Help me understand the principles behind this:
This means that the branch circuits to the range and dryer will carry current in the neutral (they are 3 wire) and then you are guaranteed to have current in the third uninsulated wire from the sub panel to the main box?
If this is the case, don't you have current in this third wire most of the time anyways from the 110 branch circuits out of the sub panel?
This third wire from the sub to the main panel is not insulated like the other two conductors are. It is bare and just enclosed in the woven fiber looking sheath of this "romex" type cable between the other two conductors. How dangerous is this since this wire is normally carrying current?
Lets say you have copper piping for your water supply and your piping is used as a grounding electrode from your service. Your bare neutral corodes and causes a bad connection back to your service. You touch the frame of your dryer or range and the water pipe at the same time. you then could become a low impedance path back to the main service. Your 120v items do not usually have accessable parts for you to ground yourself out to become that path. At least the ones made today. Hopefully this basic explanation helps.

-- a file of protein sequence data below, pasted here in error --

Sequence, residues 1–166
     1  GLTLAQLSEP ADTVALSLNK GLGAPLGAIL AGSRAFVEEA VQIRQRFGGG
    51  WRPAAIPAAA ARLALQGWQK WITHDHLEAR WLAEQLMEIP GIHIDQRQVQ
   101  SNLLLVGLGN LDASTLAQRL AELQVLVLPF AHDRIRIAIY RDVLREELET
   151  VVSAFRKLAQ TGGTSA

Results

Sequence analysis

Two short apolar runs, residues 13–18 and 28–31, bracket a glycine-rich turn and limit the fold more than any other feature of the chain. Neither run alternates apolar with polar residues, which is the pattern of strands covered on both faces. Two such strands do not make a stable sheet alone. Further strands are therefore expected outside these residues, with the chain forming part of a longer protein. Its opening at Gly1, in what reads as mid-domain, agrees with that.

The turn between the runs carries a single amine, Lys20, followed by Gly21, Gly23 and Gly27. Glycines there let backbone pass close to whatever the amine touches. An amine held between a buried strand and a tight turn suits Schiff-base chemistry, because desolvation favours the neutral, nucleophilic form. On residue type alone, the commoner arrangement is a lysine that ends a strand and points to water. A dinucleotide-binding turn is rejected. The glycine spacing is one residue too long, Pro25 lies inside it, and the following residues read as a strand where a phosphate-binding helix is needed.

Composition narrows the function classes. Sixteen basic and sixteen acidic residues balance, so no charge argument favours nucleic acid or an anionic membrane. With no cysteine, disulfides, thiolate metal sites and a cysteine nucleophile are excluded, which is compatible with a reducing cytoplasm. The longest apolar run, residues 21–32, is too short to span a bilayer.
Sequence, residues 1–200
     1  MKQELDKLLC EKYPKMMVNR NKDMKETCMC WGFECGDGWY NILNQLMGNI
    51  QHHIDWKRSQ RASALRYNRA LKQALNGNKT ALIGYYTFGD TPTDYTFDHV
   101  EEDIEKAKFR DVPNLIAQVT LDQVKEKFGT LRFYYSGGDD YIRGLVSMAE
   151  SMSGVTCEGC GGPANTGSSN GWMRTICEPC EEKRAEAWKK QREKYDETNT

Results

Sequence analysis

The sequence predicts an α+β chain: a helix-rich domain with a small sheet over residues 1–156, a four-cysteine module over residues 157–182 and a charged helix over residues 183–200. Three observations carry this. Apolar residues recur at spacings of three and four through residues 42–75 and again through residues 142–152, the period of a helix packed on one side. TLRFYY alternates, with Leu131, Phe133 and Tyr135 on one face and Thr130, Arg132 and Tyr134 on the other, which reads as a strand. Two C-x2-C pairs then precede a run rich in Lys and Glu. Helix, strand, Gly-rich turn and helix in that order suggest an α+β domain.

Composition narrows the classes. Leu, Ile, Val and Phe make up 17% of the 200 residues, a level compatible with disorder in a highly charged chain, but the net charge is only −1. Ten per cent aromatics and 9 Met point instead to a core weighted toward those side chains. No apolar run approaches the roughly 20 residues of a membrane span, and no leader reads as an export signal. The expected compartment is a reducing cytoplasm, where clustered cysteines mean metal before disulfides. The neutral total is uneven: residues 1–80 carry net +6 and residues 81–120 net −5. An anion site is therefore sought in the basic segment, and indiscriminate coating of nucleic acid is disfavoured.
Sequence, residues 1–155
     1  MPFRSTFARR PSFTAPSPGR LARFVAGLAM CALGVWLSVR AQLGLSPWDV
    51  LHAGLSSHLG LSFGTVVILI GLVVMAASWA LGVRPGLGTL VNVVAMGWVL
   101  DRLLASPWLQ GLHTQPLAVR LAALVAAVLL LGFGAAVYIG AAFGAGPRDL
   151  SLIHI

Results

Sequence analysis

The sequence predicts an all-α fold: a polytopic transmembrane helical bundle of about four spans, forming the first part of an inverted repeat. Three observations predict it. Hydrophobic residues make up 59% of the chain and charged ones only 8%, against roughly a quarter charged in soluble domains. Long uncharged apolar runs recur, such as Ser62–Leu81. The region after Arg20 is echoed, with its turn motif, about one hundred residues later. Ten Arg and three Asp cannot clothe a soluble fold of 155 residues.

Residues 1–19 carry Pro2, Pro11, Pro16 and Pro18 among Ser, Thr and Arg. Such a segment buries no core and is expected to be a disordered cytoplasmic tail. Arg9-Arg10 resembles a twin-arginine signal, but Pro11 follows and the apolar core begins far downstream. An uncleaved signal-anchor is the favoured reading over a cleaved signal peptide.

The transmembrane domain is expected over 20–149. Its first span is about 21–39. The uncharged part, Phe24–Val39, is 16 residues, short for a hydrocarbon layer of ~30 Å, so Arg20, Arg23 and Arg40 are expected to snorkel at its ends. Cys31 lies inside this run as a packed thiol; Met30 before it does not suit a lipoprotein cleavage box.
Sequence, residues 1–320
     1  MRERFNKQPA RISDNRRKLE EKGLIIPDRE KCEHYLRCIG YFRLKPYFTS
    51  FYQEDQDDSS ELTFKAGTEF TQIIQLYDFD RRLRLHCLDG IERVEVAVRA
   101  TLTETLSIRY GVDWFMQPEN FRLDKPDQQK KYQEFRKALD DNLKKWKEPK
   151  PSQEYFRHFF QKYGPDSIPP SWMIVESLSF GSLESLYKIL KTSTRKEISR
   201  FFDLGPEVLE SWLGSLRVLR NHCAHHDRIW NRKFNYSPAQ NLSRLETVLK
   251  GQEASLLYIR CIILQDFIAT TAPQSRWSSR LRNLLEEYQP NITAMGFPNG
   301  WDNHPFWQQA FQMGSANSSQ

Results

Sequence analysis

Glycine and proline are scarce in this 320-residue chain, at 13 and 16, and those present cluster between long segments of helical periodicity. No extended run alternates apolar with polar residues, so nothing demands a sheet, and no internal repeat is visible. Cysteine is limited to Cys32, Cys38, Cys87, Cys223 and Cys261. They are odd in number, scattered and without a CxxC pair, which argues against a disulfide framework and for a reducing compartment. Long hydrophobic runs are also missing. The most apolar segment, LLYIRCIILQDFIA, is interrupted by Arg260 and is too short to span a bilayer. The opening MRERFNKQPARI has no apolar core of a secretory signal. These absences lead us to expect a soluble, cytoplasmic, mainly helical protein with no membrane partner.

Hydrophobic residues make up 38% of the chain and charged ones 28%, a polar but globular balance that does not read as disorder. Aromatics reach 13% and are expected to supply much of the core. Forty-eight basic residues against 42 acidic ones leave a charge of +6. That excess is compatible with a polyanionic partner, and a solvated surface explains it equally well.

Got it. Thanks! It all makes sense now.